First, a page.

Nevertheless, YOKUK has been successful in keeping to its cause.
“We have about 3800 people and their families registered with YOKUK, and we go to all their homes to conduct a socio-economic analysis of their families’ situations,” says Suliana.
“With all this data, corporations and other NGOs like to work with us because we know, for instance, how many people suffer from a particular disability in one specific area. I don’t get regular grants and I’m very reliant on corporations, so I’m thankful for their support.”
Suliana has had to initiate many fundraising activities.
“Two years ago, we did a supercar charity drive with fantastic response. We had over 70 supercar owners participate in that project and they gave rides to the public around the Publika mall in KL. Everyone had so much fun and we managed to raise RM200,000. I also organise smaller activities like charity movie screenings and lunches with jeweller Mouawad, where a small percentage of sale proceeds goes to YOKUK.”
“We multi-task like crazy,” Suliana says. “We’ve had to sell tickets at malls from 10am to 10pm. I’ve never stayed in a mall for so long! In those days, we were literally standing in the middle of the mall, trying to hawk our tickets. It was quite daunting initially but we got used to it!
“Another learning curve is the communication. You have to deal with all kinds of people and meet many other organisations, so communication is crucial to make sure that everyone is on the same page.”
Suliana remains very much hands on and travels back to Kelantan twice a month at least. “It really opens your eyes when you go out to the houses, and you realise just how much there is that needs to be done, beyond just giving them money and therapy,” she says.
“You may have a person suffering from cerebral palsy, but that isn’t their only problem because in the next room, there is someone else who has had a stroke and they are sleeping on the floor under a roof that has a big hole in it. So you can’t just take care of one problem and ignore the rest of the issues the family faces.”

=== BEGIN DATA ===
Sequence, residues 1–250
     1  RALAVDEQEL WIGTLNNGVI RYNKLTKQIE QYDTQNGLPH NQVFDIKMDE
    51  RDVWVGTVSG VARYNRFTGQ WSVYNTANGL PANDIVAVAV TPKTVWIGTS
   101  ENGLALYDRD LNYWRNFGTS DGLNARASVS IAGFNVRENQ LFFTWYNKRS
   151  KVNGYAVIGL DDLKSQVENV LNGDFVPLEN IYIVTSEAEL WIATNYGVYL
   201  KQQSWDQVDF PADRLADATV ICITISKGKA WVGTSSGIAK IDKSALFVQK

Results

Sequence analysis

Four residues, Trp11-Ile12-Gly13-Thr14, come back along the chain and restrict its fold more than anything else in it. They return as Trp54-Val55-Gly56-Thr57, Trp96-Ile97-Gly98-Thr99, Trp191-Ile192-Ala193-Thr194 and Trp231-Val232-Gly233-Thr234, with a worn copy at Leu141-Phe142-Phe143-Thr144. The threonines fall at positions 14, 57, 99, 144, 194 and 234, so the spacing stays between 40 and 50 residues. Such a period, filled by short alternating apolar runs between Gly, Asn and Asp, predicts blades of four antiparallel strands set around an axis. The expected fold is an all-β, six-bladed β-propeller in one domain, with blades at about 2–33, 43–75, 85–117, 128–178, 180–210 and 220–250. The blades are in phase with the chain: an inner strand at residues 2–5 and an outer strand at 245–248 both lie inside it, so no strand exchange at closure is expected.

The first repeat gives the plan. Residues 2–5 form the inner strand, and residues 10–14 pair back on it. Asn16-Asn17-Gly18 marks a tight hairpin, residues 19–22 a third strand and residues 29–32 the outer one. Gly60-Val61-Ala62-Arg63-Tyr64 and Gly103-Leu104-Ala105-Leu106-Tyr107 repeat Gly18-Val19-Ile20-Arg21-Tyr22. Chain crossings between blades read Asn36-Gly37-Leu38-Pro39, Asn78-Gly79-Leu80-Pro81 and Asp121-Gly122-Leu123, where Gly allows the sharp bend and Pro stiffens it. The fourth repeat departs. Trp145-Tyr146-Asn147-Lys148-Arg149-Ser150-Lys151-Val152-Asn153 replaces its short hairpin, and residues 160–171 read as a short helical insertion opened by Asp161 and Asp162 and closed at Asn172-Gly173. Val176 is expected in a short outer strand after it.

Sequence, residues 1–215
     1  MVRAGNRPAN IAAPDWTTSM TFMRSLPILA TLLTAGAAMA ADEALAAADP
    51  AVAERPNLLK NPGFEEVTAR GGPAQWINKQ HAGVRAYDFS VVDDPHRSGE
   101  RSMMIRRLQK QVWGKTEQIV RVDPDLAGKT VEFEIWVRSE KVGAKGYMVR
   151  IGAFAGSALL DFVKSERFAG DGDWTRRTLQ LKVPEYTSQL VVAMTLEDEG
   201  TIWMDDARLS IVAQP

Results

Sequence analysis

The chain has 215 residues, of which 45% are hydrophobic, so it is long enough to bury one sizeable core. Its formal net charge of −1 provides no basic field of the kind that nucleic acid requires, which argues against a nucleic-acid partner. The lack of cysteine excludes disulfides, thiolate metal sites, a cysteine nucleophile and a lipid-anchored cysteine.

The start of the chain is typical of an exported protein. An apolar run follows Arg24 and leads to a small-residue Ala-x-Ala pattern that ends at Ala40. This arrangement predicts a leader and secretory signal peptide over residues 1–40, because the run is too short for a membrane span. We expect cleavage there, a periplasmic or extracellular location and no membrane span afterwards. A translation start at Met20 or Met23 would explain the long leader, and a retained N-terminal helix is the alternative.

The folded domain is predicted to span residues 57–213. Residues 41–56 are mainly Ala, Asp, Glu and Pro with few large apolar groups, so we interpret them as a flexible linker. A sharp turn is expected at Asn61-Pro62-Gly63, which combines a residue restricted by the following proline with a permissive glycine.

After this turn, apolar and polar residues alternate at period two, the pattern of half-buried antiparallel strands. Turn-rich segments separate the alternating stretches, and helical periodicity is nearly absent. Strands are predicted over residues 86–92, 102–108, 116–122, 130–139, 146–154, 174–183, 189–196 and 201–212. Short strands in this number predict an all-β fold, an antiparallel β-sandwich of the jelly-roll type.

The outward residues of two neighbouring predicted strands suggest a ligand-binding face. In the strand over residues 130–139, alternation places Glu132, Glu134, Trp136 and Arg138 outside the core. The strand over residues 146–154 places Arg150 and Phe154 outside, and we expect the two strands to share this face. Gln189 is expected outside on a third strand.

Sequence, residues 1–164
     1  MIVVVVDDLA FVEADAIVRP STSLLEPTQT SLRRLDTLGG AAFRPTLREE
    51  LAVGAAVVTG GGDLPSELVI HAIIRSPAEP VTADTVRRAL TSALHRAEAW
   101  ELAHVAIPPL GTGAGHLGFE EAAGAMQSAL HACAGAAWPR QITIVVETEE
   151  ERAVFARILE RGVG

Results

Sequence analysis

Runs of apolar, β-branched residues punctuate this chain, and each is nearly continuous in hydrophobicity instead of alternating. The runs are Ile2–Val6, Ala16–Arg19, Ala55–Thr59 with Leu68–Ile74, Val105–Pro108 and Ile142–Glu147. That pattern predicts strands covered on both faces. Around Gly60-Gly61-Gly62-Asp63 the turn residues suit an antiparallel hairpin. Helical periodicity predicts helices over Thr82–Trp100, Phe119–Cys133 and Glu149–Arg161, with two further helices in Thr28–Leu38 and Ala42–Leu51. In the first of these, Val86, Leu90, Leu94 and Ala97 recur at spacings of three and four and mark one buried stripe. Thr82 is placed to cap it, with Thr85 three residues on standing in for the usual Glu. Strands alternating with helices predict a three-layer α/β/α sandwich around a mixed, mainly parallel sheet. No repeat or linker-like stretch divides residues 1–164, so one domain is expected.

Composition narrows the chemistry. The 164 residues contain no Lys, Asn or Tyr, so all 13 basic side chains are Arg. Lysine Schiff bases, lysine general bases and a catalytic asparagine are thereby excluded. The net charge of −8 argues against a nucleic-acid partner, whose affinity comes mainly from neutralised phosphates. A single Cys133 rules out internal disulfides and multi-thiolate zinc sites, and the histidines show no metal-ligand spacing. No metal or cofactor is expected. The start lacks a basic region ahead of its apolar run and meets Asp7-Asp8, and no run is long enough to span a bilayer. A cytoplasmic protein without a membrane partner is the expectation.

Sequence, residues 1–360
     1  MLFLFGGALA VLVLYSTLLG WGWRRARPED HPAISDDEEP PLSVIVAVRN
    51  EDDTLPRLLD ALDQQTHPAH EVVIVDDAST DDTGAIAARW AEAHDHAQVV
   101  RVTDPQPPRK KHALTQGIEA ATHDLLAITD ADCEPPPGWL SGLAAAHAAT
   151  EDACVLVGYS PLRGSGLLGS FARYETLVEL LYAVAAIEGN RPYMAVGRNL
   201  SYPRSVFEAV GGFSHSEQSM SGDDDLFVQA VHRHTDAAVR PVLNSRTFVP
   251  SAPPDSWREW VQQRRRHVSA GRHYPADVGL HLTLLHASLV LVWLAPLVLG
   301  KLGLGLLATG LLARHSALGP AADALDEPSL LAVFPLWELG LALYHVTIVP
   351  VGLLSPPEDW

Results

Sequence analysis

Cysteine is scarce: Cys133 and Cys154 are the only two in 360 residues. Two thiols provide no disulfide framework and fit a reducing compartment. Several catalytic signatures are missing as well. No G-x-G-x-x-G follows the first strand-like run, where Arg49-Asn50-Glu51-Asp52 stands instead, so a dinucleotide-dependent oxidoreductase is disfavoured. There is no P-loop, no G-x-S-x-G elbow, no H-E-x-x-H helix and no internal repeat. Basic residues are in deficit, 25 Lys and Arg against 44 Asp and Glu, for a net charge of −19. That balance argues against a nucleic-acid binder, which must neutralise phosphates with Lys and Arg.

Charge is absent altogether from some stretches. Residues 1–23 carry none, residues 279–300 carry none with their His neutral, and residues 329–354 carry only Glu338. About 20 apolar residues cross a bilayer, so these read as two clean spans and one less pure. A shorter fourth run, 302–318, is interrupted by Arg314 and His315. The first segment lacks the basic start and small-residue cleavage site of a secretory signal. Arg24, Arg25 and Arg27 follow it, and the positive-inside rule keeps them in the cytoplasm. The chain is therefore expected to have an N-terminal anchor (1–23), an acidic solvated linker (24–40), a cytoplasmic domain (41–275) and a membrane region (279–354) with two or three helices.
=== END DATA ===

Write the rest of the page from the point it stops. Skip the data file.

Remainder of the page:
In the case of this family, the Lamborghini Owners Club later sponsored a gotong royong initiative to repair the house, Suliana adds.
The people of the state are very much at the heart of the work Suliana does, and sometimes this extends beyond YOKUK. In fact, just after our interview, Suliana and her team were in Kelantan to offer much needed aid to the victims of the devastating floods.
“We have suspended our usual work to focus on helping the flood victims in any way we can, from getting contributions from friends and corporations to packing the items. We have also formed teams to help with the cleaning of our clients’ homes and that of their neighbours,’’ she says.
“There’s just so much to be done, and what we are doing is just a drop in the ocean compared to the assistance offered by other NGOs and the government. But we will try our best to do our bit and together, we will be able to overcome this trying time.’’
Suliana cites the people around her as her motivation for her work.
“When you see so much need and you realise that you can help, well, why not?” she says. “I’ve always admired people who can nurture something of significance from nothing, and I’ve always imagined that I would be able to do that.”
“My husband, of course, has always been very supportive,” Suliana says. “And even though he is no longer involved in the foundation’s work, he remains the backbone of its success. My parents and family are also very supportive. God has given my family a lot, so I am very thankful to be given this opportunity to help others in return.”
¦ For details on the Kelantan Foundation for the Disabled, visit yokuk.org. For contributions towards flood relief efforts, call (09) 774-3033.
¦ This article was originally published in Life Inspired, out every second and fourth Sunday of the month, and distributed exclusively with The Sunday Star to selected areas in the Klang Valley. The next issue will be out on Feb 8.